YALSA Award for Excellence in Nonfiction for Young Adults

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The YALSA Award for Excellence in Nonfiction honors the best nonfiction book published for young adults (ages 12-18) during a November 1 – October 31 publishing year. The award winner will be announced annually at the ALA Midwinter Meeting Youth Media Awards, with a shortlist of up to five titles named the first week of December.

Seals for the winning titles, finalist titles, and nominated titles can be purchased from the ALA Online Store.

Current Winner & Finalists

Official Nomination Lists

Previous Winners

Award Policies and Procedures

Committee Information

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2013 Winner

Bomb by Steve Sheinkin

Bomb: The Race to Build - and Steal- the World's Most Dangerous Weapon, written by Steve Sheinkin and published by Flash Point/Roaring Brook Press, an imprint of Macmillan Children’s Publishing Group.

In this suspenseful combination of science and history, Sheinkin masterfully exposes the international race to develop an atomic weapon and bring an end to World War II.  This true-life spy thriller features an international cast of characters and will keep readers on the edge of their seats.  Period photographs of key players and an abundance of primary sources bring this well-researched story to life.  Sheinkin gives readers insight into what happened with all of the major players after the end of the war.  A thought-provoking epilogue on the long term implications of atomic weaponry reminds readers that the results of scientific inquiry have long term implications for everyone.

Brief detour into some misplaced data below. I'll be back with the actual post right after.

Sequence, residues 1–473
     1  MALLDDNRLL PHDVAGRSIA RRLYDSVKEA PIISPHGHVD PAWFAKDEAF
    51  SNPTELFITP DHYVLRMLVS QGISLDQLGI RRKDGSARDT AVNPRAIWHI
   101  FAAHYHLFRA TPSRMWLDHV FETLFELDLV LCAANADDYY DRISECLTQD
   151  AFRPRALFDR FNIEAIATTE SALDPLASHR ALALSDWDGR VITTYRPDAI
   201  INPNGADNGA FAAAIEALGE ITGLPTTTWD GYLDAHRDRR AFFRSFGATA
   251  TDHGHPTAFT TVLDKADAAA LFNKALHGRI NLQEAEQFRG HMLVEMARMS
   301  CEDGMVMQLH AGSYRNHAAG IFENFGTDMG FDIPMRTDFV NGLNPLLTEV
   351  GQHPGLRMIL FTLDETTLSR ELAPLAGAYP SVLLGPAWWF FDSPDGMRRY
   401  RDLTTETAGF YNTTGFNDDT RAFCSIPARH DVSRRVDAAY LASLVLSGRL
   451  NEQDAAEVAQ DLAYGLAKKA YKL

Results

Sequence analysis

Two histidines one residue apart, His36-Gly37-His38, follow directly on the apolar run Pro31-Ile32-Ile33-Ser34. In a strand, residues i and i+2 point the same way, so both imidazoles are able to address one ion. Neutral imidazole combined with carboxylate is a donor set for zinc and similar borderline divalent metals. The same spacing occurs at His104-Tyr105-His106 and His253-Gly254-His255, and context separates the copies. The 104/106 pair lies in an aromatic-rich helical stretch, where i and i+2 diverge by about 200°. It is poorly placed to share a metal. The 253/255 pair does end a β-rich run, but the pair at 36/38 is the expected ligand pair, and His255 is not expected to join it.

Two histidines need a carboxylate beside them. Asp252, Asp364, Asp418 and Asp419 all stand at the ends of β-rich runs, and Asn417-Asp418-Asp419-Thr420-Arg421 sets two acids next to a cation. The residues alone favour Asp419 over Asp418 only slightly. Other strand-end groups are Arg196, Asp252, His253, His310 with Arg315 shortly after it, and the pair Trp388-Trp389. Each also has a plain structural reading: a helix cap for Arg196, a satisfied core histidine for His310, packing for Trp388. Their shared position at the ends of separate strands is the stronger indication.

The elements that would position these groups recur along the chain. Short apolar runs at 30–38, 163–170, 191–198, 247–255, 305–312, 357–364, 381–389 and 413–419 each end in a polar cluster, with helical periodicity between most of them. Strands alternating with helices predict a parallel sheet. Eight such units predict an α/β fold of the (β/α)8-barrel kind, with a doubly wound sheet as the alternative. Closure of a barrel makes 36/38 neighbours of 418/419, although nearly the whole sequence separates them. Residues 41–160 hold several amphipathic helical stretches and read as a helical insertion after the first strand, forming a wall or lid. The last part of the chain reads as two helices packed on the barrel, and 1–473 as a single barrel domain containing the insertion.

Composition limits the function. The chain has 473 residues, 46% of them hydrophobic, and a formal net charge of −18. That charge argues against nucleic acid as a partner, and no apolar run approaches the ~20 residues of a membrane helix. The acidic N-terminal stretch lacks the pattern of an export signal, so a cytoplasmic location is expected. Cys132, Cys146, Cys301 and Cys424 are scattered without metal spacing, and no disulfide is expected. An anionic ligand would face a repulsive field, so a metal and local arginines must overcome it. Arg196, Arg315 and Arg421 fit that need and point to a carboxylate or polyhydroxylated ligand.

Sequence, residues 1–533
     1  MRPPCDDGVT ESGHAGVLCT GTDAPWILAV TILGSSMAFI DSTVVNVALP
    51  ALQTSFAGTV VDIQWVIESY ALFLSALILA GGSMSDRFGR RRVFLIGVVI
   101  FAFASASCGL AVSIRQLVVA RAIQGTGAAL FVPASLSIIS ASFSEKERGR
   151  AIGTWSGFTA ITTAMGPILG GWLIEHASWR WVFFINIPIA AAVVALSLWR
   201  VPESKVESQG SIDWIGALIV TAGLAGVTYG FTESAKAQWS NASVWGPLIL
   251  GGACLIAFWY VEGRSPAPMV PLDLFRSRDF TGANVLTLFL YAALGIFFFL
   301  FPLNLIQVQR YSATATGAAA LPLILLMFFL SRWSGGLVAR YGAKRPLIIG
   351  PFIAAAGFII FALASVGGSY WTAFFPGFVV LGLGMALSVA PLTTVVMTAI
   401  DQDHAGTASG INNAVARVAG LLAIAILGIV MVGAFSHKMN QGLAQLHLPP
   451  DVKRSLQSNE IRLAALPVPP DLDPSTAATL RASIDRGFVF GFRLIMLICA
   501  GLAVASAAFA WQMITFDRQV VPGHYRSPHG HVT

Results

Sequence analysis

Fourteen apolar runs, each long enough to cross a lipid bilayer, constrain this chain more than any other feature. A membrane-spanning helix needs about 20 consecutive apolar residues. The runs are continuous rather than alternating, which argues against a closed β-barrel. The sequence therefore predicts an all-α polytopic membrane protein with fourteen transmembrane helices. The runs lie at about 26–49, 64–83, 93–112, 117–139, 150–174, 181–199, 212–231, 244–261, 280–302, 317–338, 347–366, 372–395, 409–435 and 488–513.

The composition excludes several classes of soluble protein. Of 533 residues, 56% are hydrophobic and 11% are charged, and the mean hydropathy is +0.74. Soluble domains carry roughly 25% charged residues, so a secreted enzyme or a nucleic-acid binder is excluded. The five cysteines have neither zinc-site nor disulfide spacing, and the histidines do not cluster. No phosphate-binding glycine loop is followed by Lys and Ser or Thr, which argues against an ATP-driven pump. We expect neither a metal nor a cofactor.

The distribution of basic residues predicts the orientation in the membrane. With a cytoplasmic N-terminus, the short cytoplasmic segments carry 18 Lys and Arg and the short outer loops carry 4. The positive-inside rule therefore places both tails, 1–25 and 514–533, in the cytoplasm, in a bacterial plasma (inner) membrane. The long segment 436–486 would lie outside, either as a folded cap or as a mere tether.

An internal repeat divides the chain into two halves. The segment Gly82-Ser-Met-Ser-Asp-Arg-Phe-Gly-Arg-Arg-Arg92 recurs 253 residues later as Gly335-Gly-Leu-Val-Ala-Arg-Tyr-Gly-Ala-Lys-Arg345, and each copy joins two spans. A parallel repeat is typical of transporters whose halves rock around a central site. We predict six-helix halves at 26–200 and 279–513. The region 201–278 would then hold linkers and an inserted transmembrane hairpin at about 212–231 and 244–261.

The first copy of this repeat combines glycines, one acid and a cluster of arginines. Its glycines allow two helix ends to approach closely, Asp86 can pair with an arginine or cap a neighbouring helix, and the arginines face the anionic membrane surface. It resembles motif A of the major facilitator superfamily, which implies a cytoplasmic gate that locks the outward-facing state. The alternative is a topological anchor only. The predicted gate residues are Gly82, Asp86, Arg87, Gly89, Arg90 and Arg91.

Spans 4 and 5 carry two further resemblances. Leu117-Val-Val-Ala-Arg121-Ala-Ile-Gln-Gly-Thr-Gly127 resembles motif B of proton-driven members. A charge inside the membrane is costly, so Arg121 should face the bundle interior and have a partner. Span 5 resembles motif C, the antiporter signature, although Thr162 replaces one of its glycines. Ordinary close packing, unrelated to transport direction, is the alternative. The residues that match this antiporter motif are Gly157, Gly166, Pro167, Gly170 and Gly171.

“In readability, documentation and presentation, Bomb exemplifies the highest quality in nonfiction for young adults, and it as suspenseful as an international spy thriller,” said YALSA Nonfiction Award Chair Angela Frederick.

2013 Finalists

Steve Jobs: The Man Who Thought Different, a biography by Karen Blumenthal and published by Feiwel & Friends, an imprint of Macmillan Children’s Publishing Group.     Moonbird: A Year on the Wind with the Great Survivor B95, written by Phillip Hoose     Titanic: Voices from the Disaster, written by Deborah Hopkinson, published by Scholastic Press, an imprint of Scholastic.     We've Got a Job: The 1963 Birmingham Children's March, written by Cynthia Levinson and published by Peachtree Publishers.                  

Steve Jobs: The Man Who Thought Different, a biography by Karen Blumenthal and published by Feiwel & Friends, an imprint of Macmillan Children’s Publishing Group.

Equally reviled and revered--often by the same people--Steve Jobs, the man who operated from his own "reality distortion field," was an extraordinary "tweaker" who transcended the visionary to perfect the simple and transform the world as we know it. Skillfully crafted and meticulously researched, Blumenthal’s accessible biography presents an intimate and fully dimensional portrait of a complex American icon and the multiple trajectories of influence on our technological paradigms that define his enduring legacy.